US Senate committee ponders Congo election theft

KPFA Weekend News, 12.17.2011

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Joseph Kabila, incumbent president of the Democratic Republic of Congo and his Republican Guard, formerly known as the Presidential Security Guard. Kabila now claims to have been re-elected, despite European Union, Carter Center, and Catholic Church election observer teams' reports that the election was massively fraudulent. KPFA Weekend News Anchor Cameron Jones: On Thursday, December 15th, the U.S. Senate Foreign Relations Committee held a hearing on the political crisis in the Democratic Republic of the Congo, where both incumbent President Joseph Kabila and his leading challenger Étienne Tshisekedi claim victory in the chaotic presidential election polls held in the final days of November. Speakers reported that European Union observers said that 1.6 million ballots were not counted, that original tally sheets were not saved, and, that supporters of incumbent President Joseph Kabila had organized a massively fraudulent election which disenfranchised Congolese voters.  They also reported that Congolese people have been threatened, subjected to violence, and even killed by incumbent President Kabila's Presidential Guard, and that an unidentified number of young men have been abducted and driven to undisclosed locations.  KPFA's Ann Garrison has more.
 
KPFA/Ann Garrison: The U.S.-based Carter Center election observer mission said that some areas in eastern Congo were showing 100 percent turnout with 100 percent of the votes going to Kabila and that one district of Katanga Province in the east was even showing turnout above 100%.
 
Even the conservative International Crisis Group, an organization of international capital managers, former heads of state, foreign ministers, generals, high level officials and international lawyers, has said that “the U.N., donors and regional leaders must avoid statements that could legitimize a badly flawed vote and destroy what is left of their credibility in the Congo.” “No leader,” they also said, “should be congratulated until all disputes are resolved.”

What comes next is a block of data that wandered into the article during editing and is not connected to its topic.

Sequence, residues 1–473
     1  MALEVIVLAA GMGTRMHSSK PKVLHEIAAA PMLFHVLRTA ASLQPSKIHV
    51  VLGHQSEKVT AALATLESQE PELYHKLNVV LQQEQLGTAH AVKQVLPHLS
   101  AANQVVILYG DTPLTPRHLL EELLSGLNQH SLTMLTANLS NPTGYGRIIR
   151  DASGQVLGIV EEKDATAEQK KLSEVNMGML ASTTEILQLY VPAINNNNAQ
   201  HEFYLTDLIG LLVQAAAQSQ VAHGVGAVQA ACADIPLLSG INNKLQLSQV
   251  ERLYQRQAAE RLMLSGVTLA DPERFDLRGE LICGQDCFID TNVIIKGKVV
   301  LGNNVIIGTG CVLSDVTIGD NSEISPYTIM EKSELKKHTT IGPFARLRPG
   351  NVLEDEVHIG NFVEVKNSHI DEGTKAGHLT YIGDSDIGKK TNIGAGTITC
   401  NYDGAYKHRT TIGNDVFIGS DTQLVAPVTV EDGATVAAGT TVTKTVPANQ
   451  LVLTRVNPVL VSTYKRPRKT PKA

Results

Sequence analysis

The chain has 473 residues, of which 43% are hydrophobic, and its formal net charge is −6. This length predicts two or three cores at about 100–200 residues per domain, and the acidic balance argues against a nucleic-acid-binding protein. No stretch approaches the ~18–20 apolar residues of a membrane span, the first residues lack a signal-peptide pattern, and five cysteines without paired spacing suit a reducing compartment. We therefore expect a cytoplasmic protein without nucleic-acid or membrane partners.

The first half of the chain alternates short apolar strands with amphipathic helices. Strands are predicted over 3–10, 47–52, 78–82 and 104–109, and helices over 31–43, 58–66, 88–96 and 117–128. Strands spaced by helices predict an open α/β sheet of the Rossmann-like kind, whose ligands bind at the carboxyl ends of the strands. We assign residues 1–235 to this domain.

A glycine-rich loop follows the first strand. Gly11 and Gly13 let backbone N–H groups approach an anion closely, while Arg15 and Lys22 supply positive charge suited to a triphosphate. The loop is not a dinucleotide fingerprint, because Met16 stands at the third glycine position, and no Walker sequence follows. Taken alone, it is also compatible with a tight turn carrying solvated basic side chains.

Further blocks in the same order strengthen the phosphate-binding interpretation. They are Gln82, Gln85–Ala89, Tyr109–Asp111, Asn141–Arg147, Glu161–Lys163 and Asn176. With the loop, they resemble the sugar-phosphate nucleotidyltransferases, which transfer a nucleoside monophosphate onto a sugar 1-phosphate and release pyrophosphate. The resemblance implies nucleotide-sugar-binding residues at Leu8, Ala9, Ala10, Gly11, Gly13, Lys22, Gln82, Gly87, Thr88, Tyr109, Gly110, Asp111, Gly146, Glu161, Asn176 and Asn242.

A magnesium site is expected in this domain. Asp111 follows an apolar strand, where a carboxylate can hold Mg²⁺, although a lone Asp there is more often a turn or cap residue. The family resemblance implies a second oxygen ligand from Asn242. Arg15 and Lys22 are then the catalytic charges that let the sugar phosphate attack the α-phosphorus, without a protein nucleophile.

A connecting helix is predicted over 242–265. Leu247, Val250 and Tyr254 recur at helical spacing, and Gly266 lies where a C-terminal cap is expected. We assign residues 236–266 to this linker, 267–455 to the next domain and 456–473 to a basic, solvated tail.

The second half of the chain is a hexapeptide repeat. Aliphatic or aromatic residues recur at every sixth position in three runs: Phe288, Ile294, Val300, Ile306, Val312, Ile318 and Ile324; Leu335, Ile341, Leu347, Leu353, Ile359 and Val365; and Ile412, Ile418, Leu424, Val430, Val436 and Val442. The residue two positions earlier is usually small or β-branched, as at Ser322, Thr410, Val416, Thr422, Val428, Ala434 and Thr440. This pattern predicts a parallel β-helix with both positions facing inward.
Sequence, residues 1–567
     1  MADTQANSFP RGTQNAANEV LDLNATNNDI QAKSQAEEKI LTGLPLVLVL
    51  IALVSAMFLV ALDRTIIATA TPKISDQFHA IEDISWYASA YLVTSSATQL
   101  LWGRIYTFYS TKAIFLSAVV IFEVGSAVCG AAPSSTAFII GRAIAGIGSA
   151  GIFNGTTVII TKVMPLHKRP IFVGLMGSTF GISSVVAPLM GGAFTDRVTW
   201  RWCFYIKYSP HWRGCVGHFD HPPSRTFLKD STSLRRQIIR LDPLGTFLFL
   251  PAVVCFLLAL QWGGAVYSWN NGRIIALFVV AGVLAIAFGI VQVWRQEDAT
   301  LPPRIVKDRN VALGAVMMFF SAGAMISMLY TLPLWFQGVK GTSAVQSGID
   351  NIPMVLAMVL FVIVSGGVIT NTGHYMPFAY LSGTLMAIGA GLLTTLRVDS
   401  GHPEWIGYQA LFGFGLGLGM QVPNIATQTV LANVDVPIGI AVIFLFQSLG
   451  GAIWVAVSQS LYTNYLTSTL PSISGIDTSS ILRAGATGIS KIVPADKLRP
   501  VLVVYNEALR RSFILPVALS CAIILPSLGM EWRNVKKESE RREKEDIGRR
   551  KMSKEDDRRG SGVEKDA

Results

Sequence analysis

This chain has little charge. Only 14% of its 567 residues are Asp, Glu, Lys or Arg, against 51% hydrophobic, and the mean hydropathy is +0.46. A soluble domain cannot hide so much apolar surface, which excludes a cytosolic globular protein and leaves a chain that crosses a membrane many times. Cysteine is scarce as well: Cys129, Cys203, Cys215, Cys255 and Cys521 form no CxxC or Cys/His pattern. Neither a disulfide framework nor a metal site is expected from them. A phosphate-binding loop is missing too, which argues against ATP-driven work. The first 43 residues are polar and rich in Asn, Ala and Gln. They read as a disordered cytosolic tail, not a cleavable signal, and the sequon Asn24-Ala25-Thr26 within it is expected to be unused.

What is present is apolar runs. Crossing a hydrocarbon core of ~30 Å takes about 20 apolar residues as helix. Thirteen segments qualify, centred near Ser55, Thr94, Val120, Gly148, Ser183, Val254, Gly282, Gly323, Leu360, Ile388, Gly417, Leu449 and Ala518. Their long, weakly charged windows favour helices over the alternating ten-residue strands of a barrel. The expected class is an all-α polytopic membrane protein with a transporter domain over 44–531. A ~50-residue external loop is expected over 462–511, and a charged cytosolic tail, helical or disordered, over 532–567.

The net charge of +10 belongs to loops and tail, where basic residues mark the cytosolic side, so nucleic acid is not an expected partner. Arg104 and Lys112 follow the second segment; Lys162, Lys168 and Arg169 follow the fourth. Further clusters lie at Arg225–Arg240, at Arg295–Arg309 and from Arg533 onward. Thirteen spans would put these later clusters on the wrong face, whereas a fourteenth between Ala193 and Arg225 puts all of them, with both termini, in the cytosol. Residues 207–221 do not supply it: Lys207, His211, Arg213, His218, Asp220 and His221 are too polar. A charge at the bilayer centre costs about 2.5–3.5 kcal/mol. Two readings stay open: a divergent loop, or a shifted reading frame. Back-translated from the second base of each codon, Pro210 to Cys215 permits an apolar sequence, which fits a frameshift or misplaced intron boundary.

Maurice Carney, Executive Director of Washington D.C.-based Friends of the Congo, says, however, that the election was so badly handled that the results cannot be reconstructed so as to resolve disputes.
 
Maurice Carney: The truth be told, there really is no way for the independent electoral commission to verify the results, because the results do not exist. Many people argue for the results that were published by the independent electoral commission to be cross-checked against the results from the polling stations. But in many instances, the independent electoral commission does not have the results from the polling stations, and in Kinshasa, for example, in one of the reports that came out, 2,000 polling stations’ results were invalidated. They couldn’t find them. And those 2,000 polling stations was equivalent to three quarters of a million votes, just in Kinshasa alone. And there’s no way to verify, validate or anything, because they just don’t exist. Vanished, for whatever reason.
 
KPFA: Eric Kamba, Congolese exile and social worker with the Boston-based Congolese Development Center, agrees that a recount would not establish accuracy.
 
Riot police beat demonstrators marching to meet opposition candidate Étienne Tshisekedi at a Kinshasa airport on November 26, 2011, two days before the polls. Photo: Reuters Eric Kamba: The International Crisis Group were saying something about, among other ways of resolving this problem, would be for the National Electoral Commission to recount the ballots. I’m against that because we all know how many ballots were pre-fixed. So we cannot go that way, trying to recount, because by now, all these ballots were coming even after the election was over. They’re going to recount, they’ll find that Kabila has more votes than anybody.
 
KPFA: The International Crisis Group said that if the opposition takes to the streets, the scale of bloodshed is difficult to predict, and warned that even splits within the army are possible. Tshisekedi has asked his supporters to remain calm and prepare for nonviolent protests next week.
 
KPFA Weekend News Anchor Cameron Jones:  That was KPFA's Ann Garrison on the political crisis precipitated by election fraud and violence in the Democratic Republic of the Congo.  For more information, and more Congolese voices, as well as a video record of the Senate Foreign Relations Committee hearing, see the website of the San Francisco Bay View Newspaper, sfbayview.com.
 

 

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